A few days later they replaced the pipe. It took a whole day, 4 people working at various times, 2 really expensive pieces of equipment (a mini trackhoe and directional boring machine), 3 shovels, a blowtorch, two pex expanders, a copper pipe cutter, a bucket, concrete, a masonry drill, 2 pex cutters, 3 vans, 2 trailers, and miscellaneous parts. Oh, and a city inspector. All that just to put in a little bit of pipe that ran 50 or 60 feet. It cost me $2100. On a side note, we worked with Mullin Plumbing on this, the guys that were out working let me just sort of hang out with them all day while they worked, I learned a lot and they did a good job, and got it done quickly. I have no idea if that was a good price, but it seemed worth it to be done quickly and well.

This one little job of replacing a small pipe points to a huge infrastructure that we have to provide clean water. I live in Tulsa, a small city with a population of 400,000 people (the metro area is 900,000). Tulsa water treatment plants treat 100 millions gallons of water on an average day. Tulsa’s water system has capacity to treat 220 million gallons per day. Yellow pages lists 430 plumbing companies in the city. The city water department changes out 16,000 water meters a year.

All this infrastructure is kind of expensive. In fiscal year 2014 the City of Tulsa $15,425,000 on water system capital projects. The operating budget for providing water to the city was $112,040,000. That $15,000,000 in capital expenditures were not for big projects. Replacing or relocating water mains and facility improvements are the biggest things on the list.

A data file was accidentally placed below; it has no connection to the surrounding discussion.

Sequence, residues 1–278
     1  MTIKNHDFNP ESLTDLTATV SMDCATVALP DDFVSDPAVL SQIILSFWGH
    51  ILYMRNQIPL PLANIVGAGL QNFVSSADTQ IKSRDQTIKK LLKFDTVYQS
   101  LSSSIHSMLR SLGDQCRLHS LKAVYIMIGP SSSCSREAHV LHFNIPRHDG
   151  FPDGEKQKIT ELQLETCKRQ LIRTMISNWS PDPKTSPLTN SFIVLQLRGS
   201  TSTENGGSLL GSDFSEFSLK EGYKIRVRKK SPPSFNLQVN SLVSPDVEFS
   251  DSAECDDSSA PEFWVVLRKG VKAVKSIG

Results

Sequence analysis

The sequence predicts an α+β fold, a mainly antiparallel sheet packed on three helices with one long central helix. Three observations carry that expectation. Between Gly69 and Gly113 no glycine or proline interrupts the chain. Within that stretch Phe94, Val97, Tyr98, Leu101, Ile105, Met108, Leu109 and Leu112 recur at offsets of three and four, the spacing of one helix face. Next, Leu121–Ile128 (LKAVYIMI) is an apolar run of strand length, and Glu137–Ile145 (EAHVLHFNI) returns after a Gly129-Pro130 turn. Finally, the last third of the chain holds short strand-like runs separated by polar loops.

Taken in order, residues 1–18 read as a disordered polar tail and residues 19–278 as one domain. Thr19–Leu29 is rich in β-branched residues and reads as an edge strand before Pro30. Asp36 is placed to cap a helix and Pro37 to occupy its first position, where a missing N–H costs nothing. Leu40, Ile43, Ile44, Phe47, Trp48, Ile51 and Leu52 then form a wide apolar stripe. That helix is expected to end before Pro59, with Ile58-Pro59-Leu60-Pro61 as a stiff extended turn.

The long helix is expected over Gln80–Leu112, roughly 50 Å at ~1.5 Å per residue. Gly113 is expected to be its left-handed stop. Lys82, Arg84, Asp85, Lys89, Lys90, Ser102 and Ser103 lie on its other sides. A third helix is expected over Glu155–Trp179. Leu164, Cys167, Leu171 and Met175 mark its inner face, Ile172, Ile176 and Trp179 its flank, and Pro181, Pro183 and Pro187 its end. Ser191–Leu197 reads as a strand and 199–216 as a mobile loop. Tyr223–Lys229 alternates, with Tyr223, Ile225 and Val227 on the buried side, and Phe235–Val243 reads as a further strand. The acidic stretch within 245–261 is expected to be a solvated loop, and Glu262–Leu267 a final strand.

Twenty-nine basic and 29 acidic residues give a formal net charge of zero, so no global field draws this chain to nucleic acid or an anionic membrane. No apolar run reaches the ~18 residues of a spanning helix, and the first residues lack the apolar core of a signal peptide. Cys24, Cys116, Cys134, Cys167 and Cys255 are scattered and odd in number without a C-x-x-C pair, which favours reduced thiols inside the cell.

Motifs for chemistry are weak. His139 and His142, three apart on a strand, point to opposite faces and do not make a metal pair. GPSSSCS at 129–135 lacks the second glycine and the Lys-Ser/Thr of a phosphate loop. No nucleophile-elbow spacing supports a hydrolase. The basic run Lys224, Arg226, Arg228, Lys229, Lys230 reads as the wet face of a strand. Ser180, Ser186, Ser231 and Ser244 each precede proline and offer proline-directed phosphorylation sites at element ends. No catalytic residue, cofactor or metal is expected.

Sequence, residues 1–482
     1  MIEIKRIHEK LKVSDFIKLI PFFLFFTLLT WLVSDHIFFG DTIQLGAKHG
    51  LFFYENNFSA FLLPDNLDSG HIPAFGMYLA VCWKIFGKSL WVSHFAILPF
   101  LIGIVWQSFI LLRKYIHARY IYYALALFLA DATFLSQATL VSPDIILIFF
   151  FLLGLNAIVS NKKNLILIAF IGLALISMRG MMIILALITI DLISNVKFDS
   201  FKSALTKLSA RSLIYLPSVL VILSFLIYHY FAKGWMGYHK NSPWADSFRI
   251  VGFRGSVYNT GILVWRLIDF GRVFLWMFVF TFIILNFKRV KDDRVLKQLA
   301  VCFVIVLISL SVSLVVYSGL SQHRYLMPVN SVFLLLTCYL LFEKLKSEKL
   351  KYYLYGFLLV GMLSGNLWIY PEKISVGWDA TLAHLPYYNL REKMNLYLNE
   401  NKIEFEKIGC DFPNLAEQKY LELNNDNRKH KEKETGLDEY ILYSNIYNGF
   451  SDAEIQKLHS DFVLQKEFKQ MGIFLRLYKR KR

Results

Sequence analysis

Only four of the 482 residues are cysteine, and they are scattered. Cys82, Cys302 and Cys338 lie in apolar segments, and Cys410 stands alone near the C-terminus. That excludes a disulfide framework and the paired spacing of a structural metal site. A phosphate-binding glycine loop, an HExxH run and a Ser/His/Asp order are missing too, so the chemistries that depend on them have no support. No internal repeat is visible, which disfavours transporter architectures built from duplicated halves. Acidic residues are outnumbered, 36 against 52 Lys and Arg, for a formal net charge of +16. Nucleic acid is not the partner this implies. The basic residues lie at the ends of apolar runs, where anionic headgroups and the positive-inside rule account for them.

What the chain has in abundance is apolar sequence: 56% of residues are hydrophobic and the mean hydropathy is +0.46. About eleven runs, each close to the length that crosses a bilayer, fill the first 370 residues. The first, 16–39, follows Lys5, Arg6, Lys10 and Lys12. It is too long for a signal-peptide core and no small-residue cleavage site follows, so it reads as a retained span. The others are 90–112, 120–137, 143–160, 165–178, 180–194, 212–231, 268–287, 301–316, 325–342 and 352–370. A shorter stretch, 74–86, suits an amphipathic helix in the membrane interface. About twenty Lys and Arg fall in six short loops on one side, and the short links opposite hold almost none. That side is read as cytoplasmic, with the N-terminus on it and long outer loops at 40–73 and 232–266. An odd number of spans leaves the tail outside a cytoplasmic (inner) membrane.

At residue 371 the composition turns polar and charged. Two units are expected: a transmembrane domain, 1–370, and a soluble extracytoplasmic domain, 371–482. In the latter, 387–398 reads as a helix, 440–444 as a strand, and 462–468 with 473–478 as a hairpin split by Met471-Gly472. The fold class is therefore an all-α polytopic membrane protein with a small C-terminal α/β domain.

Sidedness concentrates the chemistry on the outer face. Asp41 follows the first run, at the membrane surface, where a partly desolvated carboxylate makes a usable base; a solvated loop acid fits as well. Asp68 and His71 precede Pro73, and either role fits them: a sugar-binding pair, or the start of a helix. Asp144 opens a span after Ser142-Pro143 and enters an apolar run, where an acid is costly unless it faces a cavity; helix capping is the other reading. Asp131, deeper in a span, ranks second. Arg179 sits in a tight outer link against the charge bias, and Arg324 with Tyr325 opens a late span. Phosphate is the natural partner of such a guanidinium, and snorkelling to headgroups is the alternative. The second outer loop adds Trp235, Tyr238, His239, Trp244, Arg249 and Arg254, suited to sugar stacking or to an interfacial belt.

Big water projects cost a lot of money. Chelssa, MI recently built a water treatment plant that treats .85 million gallons a day for $4,600,000. It would take 117 such plants to supply Tulsa with water on an average day. That is $538,200,000 just to build the plants. Keep in mind that this is Tulsa, a small city (the 45th largest city in the United States). New York City is in the middle of a $6 billion water project which started in 1970 and will not be done until 2020. Twenty three people have died working on the project. This country makes massive investments in water infrastructure, and arguably it is still not enough.

Our investment in water is more than a financial system. We have a culture that values and invests in clean water. When our water pipe broke it did not even cross our mind to not fix it. We did not decide to just go get water from the neighbors. We could have saved some money by just putting a faucet in the yard right next to the water meter and just carrying water into the house every now and then, but we did not consider that ether. In fact in some cities a house will be condemned if it does not have running water. Across the country the vast majority of houses have full plumbing and running water, although not all. Many households without water are from low income or minority groups. Im sure there are a few hippie off the grid types as well

We don’t have a constitutional right to clean water, but we do have an expectation of access to clean water. Tulsa’s water system is run by the city. Some cities have water systems which have been privatized. However, outside of rural settings there are few municipalities that don’t have some provision for providing water to it’s residents. Imagine if one day Tulsa announced that the water system would be shut down, and there was no private industry to take over . Everybody was on their own to find water. In time the market would produce some solution, but imagine the impact, Tulsa would cease to exist in its current form.

A hundred years of investment in infrastructure, culture, regulations, and expectations all come together so that I can pay $50 a month for all the clean water I can possible use, and when one old pipe broke I had massive resources to call on to fix it quickly. We didn’t even miss a shower.